Vinegar As Natural Weed Killer: When to Apply

When practicing natural weed control, take to heart the dictum, Know thine enemy! Study up on the weeds you're battling before you use the vinegar on them. Target annual weeds with your vinegar natural weed killer before they set seed, to prevent them from spawning a new generation to give you headaches next year.

By contrast, early fall is the best time to use this natural weed killer on perennial weeds. Early fall is when you'll want to apply vinegar to dandelions (but snap off the flowers whenever they appear, to prevent them from going to seed in the meantime). Dandelions, although their leaves die back in winter, do live on through their roots. So preventing them from going to seed isn't enough.

Fortunately, knowing a little botany can help you considerably in your battle with perennial weeds like dandelions. You see, in early fall, nutrients are transferred from the dandelion leaves down to the roots. This transfer, which continues until the first killing frost, presents you with an opportunity to hit dandelions where it really hurts! Vinegar natural weed killer applied during this time is absorbed by the leaves and passed on to the roots, following the same path down as the nutrients. The plants are killed -- naturally. Repeated applications may be necessary.

Vinegar As Natural Weed Killer: How to Apply

Listen to your local forecast, and find out when your region will be experiencing a few continuous days of sunshine. At the beginning of this period, spray or paint the vinegar onto the weeds you wish to kill.

Why is a sunny period required? Two reasons:

You need to saturate the weeds' leaves with the vinegar, and rain would wash too much of the vinegar off the foliage.
The real damage to the sprayed weeds begins the next couple of days after the application, when the sun hits the leaves.

Some people who use vinegar as a natural weed killer like to boil the vinegar, prior to application. Through such boiling, you may actually be able to gain a concentrate higher in acetic acid, although I haven't yet experimented with this option in any scientific way. But it certainly can't hurt to boil the vinegar; in fact, many folks report success killing weeds by simply pouring scalding water on weeds! So I suppose the use of boiled vinegar allows you to attack weeds on an additional front.

It is possible to buy products with a higher acetic acid content than that found in ordinary vinegar. Such products can be purchased at farmer's stores or from restaurant supply businesses. But the potency of these acetic acid products can render them less safe to use than household vinegar. To me, that puts them at odds with the whole concept of using "natural weed killers." Besides, you have to go out of your way to find these products, and the idea behind the present article was to introduce a handy natural weed killer, something you can just pull off a kitchen shelf and experiment with.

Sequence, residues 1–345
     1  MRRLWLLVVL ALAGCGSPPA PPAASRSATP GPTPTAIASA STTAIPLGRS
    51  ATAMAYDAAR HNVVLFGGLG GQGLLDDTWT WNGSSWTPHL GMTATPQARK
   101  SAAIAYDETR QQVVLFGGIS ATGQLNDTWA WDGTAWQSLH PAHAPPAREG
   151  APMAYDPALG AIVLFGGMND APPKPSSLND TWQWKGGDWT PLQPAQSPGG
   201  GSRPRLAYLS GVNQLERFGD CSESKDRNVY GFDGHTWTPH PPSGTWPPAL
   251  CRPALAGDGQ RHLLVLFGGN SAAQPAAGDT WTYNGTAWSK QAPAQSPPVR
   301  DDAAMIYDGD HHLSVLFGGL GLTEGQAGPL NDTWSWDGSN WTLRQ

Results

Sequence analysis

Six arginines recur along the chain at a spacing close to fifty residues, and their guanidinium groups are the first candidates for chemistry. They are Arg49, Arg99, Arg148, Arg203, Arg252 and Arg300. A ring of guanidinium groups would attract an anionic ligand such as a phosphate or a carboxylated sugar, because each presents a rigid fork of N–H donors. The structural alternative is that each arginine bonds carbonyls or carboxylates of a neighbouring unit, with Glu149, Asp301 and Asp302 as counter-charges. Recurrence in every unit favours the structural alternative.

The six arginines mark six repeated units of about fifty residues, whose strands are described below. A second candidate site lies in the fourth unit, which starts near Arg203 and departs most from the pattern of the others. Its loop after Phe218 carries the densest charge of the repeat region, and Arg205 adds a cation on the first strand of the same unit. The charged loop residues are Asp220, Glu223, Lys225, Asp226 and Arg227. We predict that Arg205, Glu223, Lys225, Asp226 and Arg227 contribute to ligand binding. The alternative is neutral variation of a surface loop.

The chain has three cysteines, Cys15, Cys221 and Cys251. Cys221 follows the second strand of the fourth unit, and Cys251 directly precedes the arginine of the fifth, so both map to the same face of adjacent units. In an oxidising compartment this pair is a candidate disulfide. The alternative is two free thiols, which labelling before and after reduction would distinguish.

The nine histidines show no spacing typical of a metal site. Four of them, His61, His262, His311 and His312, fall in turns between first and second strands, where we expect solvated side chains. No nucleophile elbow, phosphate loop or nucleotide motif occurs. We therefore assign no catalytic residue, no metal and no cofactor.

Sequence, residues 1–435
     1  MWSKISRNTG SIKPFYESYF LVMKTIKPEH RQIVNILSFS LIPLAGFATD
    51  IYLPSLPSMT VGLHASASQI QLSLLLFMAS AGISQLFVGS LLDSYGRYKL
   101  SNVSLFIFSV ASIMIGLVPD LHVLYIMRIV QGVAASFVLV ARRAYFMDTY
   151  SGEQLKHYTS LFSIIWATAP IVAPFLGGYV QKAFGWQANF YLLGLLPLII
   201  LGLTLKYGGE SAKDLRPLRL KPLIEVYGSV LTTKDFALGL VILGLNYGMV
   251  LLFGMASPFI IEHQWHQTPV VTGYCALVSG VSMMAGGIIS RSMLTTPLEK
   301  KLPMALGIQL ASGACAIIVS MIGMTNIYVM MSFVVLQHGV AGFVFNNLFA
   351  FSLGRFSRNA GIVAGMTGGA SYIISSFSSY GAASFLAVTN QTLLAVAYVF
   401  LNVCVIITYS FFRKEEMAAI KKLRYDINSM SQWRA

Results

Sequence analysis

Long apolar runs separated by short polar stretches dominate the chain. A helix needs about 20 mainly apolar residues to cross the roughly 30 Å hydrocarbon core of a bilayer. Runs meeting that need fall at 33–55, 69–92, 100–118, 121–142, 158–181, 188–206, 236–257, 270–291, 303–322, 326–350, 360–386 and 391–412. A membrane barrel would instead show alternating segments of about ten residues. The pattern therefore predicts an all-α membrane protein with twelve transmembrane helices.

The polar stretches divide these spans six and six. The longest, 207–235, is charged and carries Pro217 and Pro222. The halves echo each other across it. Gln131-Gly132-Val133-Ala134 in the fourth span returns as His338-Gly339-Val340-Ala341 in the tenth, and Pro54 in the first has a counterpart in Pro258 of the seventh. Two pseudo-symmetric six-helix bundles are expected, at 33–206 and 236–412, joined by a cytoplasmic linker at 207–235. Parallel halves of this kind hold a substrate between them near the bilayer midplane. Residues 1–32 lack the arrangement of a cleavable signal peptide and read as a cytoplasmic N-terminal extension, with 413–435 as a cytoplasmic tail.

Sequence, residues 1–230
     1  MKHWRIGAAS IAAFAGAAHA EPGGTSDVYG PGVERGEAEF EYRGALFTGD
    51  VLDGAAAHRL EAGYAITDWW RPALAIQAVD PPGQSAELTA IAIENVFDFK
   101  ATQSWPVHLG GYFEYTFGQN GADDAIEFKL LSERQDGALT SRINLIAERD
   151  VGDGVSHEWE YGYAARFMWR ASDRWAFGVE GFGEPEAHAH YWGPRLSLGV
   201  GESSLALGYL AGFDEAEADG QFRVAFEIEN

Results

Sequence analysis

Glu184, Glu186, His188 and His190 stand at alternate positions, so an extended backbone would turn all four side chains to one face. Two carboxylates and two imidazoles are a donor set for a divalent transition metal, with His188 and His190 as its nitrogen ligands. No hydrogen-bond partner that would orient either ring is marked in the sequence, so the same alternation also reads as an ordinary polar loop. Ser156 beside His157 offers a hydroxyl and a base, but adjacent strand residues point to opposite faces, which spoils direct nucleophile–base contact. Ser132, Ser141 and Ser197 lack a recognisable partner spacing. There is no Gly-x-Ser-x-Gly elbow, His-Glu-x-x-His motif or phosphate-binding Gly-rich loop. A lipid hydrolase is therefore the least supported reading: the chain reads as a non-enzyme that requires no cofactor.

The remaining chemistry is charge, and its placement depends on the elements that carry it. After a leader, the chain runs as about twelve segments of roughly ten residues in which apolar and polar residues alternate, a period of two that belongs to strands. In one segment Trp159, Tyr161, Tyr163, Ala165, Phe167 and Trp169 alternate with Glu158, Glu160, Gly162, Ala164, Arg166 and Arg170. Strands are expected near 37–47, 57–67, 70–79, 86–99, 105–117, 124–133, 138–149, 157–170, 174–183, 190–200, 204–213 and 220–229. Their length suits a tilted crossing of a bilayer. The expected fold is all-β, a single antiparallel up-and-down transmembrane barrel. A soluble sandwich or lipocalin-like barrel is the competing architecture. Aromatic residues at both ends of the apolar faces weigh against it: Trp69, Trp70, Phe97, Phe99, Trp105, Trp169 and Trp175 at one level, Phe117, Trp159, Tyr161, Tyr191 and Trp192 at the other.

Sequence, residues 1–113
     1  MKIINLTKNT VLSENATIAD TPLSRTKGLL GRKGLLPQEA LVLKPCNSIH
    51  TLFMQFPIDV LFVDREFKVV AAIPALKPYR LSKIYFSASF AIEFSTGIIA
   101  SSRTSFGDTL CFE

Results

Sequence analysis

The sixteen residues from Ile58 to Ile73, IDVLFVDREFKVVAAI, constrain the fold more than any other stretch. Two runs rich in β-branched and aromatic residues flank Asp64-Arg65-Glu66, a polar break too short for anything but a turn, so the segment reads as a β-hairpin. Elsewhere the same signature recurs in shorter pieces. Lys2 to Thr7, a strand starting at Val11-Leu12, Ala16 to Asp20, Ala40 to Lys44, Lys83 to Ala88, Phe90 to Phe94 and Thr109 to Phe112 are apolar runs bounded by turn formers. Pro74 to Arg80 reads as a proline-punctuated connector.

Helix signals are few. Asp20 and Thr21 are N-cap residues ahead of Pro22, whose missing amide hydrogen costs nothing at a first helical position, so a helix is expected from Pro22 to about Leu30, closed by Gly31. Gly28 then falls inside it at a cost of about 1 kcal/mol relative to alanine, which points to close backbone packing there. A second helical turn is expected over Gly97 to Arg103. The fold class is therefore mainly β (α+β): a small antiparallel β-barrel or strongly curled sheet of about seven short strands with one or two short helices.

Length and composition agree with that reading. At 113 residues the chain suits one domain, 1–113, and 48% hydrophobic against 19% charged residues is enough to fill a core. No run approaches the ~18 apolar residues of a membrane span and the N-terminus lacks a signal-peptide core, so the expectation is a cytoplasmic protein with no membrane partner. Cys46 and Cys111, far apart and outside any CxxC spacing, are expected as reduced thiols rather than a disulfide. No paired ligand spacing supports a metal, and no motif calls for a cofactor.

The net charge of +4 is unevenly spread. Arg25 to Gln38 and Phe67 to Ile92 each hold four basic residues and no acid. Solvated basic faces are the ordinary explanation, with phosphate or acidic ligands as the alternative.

Other Uses for Vinegar

Those of you who have held an ongoing grudge against vinegar for its ability to make your mouth pucker may finally be able to grant vinegar forgiveness. For that same sourness makes vinegar the natural weed killer of choice for organic gardening. Vinegar can also be used for cleaning purposes around the home, as an alternative to chemical cleaners.

So if you rarely open that vinegar jug for purposes of seasoning your food, don't despair: The uses for vinegar extend well beyond the culinary.

Source: Vinegar as a Natural Weed Killer (article) (http://texasholistic.info/index.php?topic=793.0 - broken link)
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Old 12-26-2009, 09:55 AM
4,901 posts, read 8,510,536 times
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Just be sure when using diatomaceous earth that you don't use the kind made for swimming pool filters.....get the kind made specifically for using in the garden. And don't breathe it.
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Old 12-29-2009, 04:32 PM
Location: OB
2,404 posts, read 3,890,521 times
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Originally Posted by Roma View Post
Hi, I'm looking for a natural weed killer and a natural bug/spider repellent for around the outside of my house. Something that won't harm animals. Any recommendations?
Natural Insect Repellent

Lady Bugs are good at insect control. Plant some lady bug friendly plants around your yard: Angelica, Caraway, Cilantro, Coreopsis, Cosmos, Dandelions, Dill, Fennel, Geraniums, Tansy and Yarrow.

Marigolds are known to repel mosquitos and other bugs. Any plant with pyrethum will do the same.
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Old 02-13-2010, 02:54 PM
1 posts, read 13,406 times
Reputation: 11
Default All Natural bug repellent


Whupabug is an all natural patented bug repellent. Tested to be safe for humans,animals and the environment. Check it out at whupabug.com
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Old 02-15-2010, 09:12 AM
Location: Newport, NC
955 posts, read 4,023,386 times
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Natural doesn't always equate with safer. Roundup is less toxic than vinegar and much more effective as a weed killer.